Make sure to pick up the Fertility Foods Cookbook on Elizabeth’s website, and connect with the amazing community she’s built to help couples find strength through infertility. Connect with Sara on her website to get the Fertility Foods Cookbook and access to many more delicious RD approved recipes! Remember, you’re not only getting access to invaluable information when you connect with Elizabeth and Sara, but also the much-needed support for those struggling with infertility.


Greil, A. L., Slauson-Blevins, K. S., Tiemeyer, S., Mcquillan, J., & Shreffler, K. M. (2016). A New Way to Estimate the Potential Unmet Need for Infertility Services Among Women in the United States. Journal of Women’s Health, 25(2), 133-138.

Homan, G., Davies, M., & Norman, R. (2007). The impact of lifestyle factors on reproductive performance in the general population and those undergoing infertility treatment: a review. Human Reproduction Update, 13(3), 209-223.

Chavarro, J. E., Rich-Edwards, J. W., Rosner, B. A., & Willett, W. C. (2007). Diet and Lifestyle in the Prevention of Ovulatory Disorder Infertility. Obstetrics & Gynecology, 110(5), 1050-1058.

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About the Author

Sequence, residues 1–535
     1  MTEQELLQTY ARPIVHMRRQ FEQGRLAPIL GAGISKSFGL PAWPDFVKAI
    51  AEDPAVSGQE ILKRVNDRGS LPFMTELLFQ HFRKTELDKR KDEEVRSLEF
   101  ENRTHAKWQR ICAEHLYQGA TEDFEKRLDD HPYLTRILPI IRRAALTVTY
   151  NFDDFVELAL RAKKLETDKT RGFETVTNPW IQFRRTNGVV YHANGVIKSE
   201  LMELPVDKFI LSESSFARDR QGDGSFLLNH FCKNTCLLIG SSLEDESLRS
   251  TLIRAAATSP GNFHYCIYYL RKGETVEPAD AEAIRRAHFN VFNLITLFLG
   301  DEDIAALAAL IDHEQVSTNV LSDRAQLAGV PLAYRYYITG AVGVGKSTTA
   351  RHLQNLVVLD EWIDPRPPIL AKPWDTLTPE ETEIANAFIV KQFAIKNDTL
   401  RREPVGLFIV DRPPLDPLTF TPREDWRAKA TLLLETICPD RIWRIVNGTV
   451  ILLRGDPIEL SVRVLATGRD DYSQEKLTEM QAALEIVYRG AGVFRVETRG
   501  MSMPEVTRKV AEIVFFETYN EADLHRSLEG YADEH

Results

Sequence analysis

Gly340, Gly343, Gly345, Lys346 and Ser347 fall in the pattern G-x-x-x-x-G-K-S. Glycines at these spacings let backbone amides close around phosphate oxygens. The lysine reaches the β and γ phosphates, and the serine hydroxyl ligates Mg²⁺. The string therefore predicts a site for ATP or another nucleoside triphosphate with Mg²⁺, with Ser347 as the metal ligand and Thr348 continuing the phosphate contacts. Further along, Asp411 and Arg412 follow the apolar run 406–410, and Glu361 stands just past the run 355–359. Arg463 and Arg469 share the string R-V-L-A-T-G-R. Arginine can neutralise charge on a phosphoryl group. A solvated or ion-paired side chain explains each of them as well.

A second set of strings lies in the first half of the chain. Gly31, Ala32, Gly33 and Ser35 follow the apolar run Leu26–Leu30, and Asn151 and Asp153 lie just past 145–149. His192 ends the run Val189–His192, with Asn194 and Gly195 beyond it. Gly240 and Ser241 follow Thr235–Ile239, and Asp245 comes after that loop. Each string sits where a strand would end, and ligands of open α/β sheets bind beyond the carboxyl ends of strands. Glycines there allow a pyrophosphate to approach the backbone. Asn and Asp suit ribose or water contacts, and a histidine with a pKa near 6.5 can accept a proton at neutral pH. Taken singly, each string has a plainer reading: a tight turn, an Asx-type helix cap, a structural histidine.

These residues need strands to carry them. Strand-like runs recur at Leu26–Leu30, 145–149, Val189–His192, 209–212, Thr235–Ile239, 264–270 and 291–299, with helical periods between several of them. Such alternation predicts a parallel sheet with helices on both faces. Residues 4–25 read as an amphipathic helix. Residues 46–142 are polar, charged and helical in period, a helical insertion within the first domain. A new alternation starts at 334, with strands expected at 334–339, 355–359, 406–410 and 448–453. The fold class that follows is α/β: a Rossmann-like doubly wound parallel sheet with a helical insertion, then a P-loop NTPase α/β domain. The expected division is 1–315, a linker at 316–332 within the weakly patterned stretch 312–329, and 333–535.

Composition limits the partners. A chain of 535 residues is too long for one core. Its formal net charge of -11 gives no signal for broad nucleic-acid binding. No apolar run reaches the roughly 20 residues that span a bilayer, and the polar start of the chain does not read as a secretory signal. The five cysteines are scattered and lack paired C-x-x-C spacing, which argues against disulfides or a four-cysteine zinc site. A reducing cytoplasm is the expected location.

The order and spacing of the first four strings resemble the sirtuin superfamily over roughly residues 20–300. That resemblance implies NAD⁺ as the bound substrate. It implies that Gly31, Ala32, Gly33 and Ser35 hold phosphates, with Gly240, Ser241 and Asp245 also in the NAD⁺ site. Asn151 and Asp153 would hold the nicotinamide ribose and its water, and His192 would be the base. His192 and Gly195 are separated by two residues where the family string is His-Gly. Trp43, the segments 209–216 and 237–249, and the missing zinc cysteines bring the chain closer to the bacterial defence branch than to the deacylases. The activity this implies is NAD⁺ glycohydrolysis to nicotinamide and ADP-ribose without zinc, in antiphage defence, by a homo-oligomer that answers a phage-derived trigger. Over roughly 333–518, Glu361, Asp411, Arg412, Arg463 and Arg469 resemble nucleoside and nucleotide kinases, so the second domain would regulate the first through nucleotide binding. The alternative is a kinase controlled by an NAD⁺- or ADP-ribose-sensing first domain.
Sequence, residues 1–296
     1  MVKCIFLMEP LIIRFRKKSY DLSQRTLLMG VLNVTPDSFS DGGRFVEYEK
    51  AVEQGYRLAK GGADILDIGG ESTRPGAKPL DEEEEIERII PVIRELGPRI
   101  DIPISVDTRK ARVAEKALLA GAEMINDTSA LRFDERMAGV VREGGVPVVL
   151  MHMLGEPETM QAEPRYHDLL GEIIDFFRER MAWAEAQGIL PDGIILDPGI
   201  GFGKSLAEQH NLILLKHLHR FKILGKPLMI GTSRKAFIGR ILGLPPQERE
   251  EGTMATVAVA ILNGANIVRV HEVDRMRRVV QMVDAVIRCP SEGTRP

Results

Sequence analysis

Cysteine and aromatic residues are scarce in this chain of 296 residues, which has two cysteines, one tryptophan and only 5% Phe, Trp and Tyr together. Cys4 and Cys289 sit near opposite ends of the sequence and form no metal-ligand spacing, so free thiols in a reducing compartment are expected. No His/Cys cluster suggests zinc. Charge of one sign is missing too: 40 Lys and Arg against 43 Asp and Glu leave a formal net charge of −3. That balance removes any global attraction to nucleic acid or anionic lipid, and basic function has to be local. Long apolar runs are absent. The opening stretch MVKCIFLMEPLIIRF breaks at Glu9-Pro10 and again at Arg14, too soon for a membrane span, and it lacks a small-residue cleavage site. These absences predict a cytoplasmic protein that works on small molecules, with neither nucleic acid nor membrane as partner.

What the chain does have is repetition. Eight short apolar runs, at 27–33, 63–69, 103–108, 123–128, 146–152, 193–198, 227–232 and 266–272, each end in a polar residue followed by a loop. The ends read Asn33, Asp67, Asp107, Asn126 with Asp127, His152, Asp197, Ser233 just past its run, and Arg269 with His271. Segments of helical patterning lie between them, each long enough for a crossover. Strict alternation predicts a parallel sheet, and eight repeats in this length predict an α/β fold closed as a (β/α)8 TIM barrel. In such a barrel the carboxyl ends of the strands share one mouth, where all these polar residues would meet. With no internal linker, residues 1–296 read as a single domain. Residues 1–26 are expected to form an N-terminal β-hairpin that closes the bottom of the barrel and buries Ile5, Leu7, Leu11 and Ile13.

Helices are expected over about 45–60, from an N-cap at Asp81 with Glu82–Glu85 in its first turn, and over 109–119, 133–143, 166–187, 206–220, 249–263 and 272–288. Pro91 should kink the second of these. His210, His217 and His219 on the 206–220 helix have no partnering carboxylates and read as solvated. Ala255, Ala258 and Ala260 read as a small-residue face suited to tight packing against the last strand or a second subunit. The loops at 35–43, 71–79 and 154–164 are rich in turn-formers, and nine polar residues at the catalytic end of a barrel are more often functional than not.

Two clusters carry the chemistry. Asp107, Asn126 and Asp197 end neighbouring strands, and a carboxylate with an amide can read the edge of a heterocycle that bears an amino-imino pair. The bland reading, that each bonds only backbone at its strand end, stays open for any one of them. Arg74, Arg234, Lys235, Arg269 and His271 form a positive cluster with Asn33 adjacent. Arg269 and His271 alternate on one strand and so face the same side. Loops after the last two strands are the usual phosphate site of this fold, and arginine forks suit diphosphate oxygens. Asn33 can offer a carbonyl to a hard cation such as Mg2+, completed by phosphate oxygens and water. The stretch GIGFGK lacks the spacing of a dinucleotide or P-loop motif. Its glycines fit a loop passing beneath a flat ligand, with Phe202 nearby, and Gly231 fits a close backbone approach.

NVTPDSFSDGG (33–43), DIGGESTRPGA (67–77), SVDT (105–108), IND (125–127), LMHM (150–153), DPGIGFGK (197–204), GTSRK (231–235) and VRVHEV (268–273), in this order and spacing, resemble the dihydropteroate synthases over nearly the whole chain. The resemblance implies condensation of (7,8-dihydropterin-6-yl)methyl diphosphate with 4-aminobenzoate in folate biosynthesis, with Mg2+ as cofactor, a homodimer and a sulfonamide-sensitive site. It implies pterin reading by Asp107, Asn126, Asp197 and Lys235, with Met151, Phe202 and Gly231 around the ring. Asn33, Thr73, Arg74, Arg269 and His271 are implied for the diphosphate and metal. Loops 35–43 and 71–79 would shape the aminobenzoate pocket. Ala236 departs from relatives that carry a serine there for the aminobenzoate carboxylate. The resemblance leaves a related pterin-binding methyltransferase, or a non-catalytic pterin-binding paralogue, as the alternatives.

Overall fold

Madison Wright

Madison is a dietetic intern with Teachers College, Columbia University. She's been studying long and hard to finally obtain her status as a registered dietitian. She holds an undergraduate and graduate degree in Dietetics and Nutrition and is currently working on her M. Ed., conducting research in the area of fertility nutrition. When she's not busy being a life-long student, she's popping around New York City eating her way through restaurants with delicious food, trying to learn how to salsa dance, reading paperback books, and watching an obscene amount of WWII documentaries. She has deep disdain for cold food and house music. If there were no health consequences she would eat churros at every meal. She loves cats but is severely allergic - she has fish instead.

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One response to “Can We Improve Our Fertility Status Through Food?”

  1. Liz Shaw says:

    Thank you so much for taking the time to chat with us about foods and fertility! We’re thrilled to have your support!